Great Decisions Global Discussions

Great Decisions 2024 Speakers and Topics


February 6 
What Makes Chinese Tech Tick? 
Kaiser Kuo, host and co-founder of The Sinica Podcast

“Strategic competition” between the US and China can be seen across many sectors, including the race to develop and refine advanced technology like semiconductors and artificial intelligence. How do the US and China differ in their approaches to innovation and market development? Is there room (or desire) for cooperation within the current dynamic? Join us for an evening with China tech expert Kaiser Kuo, host of the Sinica Podcast, as he explains Chinese innovation strategies and how the U.S. might respond.

February 13 
The US-China Business Relationship
Kyle Sullivan, Vice President, Business Advisory Services, US China Business Council

What are the dynamics of the US-China trade and commercial relationship. Kyle Sullivan will offer valuable insights into the trajectory of the US-China relationship in the year ahead, and discuss the latest trade policies, market trends, and impact of geopolitical tensions on US companies that conduct business with China. Mr. Sullivan will also offer views on China’s domestic business environment and the unique challenges and opportunities facing US companies that operate there. 

February 20 
The Indonesian Elections
Dan Slater, James Orin Murfin Professor of Political Science; Director, Center for Emerging Democracies, University of Michigan

Despite its large size, Indonesia remains virtually unknown to most Americans. But as one of the world’s largest democracies, the world’s largest Muslim-majority nation, and as an economic driver of ASEAN, why does it fly below the radar? Join us for a timely conversation with Dr. Dan Slater from the University of Michigan as he contextualizes Indonesia and discusses the impacts of their presidential elections happening in February. With democracies in decline worldwide, what does the future hold for Indonesia?

February 27 
The U.N. High Seas Treaty
Hiroko Muraki-Gottlieb, Elizabeth Haub School of Law, Pace University

The high seas, nearly ⅔ of the ocean, belongs to all but no one in particular. It is a global common. In June 2023, after more than 20 years of studies and negotiations, nearly 200 countries agreed by consensus to adopt a historic treaty to better conserve and sustainably use the high seas. The treaty will address the unprecedented and accelerating biological diversity loss and degradation of the ocean due to climate change, pollution, and unsustainable use. It also aims to advance scientific research, globally, and address inequalities in sharing benefits associated with organisms of the high seas. Join environmental lawyer Hiroko Muraki-Gottlieb as she discusses the challenges and opportunities to effectively implement the treaty to ensure the health of the largest biodiversity of the Earth for the current and future generations.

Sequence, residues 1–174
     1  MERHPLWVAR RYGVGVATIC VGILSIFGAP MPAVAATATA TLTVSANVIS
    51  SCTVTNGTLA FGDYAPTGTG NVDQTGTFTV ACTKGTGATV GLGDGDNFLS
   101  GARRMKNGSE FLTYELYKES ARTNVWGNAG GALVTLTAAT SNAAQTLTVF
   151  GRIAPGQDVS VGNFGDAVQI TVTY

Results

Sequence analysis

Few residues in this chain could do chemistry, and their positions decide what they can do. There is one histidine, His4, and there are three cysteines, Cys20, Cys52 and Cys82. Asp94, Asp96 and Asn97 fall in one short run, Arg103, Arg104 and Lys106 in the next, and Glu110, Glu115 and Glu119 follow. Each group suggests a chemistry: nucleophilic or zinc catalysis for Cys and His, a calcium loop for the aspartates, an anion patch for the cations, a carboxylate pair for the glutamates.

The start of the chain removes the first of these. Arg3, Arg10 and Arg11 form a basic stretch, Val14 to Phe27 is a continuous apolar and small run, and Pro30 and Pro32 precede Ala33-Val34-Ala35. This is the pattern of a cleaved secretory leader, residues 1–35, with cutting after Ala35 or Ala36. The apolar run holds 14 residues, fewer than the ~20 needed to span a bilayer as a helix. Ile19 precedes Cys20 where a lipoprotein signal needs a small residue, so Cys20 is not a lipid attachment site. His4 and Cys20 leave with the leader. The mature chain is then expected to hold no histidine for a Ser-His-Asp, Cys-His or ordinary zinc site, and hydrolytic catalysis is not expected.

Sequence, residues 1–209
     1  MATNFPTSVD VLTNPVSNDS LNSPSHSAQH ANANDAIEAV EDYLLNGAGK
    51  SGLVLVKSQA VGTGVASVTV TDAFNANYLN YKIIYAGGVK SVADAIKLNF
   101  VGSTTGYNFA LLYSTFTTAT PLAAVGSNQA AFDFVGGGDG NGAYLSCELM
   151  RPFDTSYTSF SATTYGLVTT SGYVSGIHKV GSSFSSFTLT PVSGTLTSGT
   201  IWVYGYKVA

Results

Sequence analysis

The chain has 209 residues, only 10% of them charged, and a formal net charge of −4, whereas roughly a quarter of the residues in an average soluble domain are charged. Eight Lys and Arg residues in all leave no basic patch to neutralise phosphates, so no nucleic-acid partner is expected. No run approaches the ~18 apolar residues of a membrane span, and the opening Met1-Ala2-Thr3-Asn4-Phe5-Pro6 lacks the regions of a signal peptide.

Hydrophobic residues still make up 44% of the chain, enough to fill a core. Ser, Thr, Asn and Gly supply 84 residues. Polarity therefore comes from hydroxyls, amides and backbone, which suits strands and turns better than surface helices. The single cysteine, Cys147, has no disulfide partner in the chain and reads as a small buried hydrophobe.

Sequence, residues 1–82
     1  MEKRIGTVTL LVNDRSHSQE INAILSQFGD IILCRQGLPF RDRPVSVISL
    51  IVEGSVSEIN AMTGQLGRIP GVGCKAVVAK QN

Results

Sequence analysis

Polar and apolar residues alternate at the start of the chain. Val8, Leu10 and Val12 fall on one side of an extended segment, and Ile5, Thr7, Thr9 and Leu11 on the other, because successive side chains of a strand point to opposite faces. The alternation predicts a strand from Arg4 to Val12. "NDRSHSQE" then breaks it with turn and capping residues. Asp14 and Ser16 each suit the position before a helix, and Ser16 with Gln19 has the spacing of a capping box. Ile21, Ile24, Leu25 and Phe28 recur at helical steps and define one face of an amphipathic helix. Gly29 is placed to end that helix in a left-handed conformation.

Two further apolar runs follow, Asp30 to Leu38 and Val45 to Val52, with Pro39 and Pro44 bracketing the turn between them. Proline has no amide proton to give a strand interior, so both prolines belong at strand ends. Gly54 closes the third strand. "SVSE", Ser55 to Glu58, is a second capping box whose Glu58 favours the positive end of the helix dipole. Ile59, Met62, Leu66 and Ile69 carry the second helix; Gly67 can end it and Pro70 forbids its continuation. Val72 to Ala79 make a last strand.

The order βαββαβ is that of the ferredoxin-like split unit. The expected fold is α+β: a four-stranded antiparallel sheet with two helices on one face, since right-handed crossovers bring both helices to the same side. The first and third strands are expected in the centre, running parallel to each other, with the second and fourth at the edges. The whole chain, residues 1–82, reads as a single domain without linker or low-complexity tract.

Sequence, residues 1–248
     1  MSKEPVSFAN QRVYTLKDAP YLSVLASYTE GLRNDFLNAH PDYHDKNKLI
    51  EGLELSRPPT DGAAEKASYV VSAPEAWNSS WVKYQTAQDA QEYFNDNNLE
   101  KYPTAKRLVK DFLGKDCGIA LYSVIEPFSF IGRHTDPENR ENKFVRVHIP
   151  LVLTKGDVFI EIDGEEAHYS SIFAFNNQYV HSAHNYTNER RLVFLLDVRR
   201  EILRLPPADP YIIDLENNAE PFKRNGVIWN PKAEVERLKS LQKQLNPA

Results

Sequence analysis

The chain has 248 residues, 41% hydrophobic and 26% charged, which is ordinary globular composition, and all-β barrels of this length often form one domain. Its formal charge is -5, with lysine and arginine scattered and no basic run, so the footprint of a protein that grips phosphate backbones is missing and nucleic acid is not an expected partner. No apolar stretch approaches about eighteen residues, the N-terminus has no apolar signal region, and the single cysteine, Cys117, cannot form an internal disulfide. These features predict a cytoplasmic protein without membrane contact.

March 5
The Middle East After October 7

Jane Ferguson, foreign correspondent, PBS News Hour

With the Middle East already at a crossroads, the attack on October 7 by Hamas on Israel upended the region and the world.  Join us for a conversation with Jane Ferguson, foreign correspondent for PBS NewsHour and author of No Ordinary Assignment. She’ll discuss the latest developments in the conflict, the challenges of potential escalation, and the geopolitical implications for the region. What are the new prospects for peace in the region? What role does the U.S. have to play?

March 12
Climate Technology
Neela Banerjee, Deputy Senior Supervising Climate Editor, NPR

Technology is certain to play a key role in limiting and addressing climate change. But is it enough to avert the extreme weather events that threaten millions of people worldwide? Geopolitical rivalries, political inertia, and policy disagreements continue to slow a process that needs to rapidly advance, especially as countries least responsible for the climate crisis become impacted the most. Neela Banerjee, the Chief Climate Editor at NPR, will discuss how we might challenge our current understanding of the climate crisis and suggest ways citizens might respond.

March 19
Global Health Disparities
Dr. Debarchana (Debs) Ghosh, Associate Professor, Geography, University of Connecticut

Looking back at the Covid-19 pandemic and other global health emergencies, there are many lessons to take away both domestically and internationally. Of particular importance is understanding the multi-faceted causes of global health disparities and what we might do to improve equitable access to health services worldwide. Dr. Debarchana Ghosh, a professor of geography at the University of Connecticut will offer insights based on her research in the field of global health.

March 26
NATO
General (ret.) Curtis Scaparrotti, former US European Command and Supreme Allied Commander Europe, NATO

Since the Russian invasion of Ukraine in February 2022, the North Atlantic Treaty Organization (NATO) has come under increased scrutiny, not because NATO troops are involved in the conflict, but because of its role in relations between Russia and its neighbors. Does the U.S. still have a role to play in European affairs? General (ret.) Curtis Scaparrotti, the former Supreme Allied Commander of NATO will reflect on the organization’s 75 years and offer his insights on what’s ahead.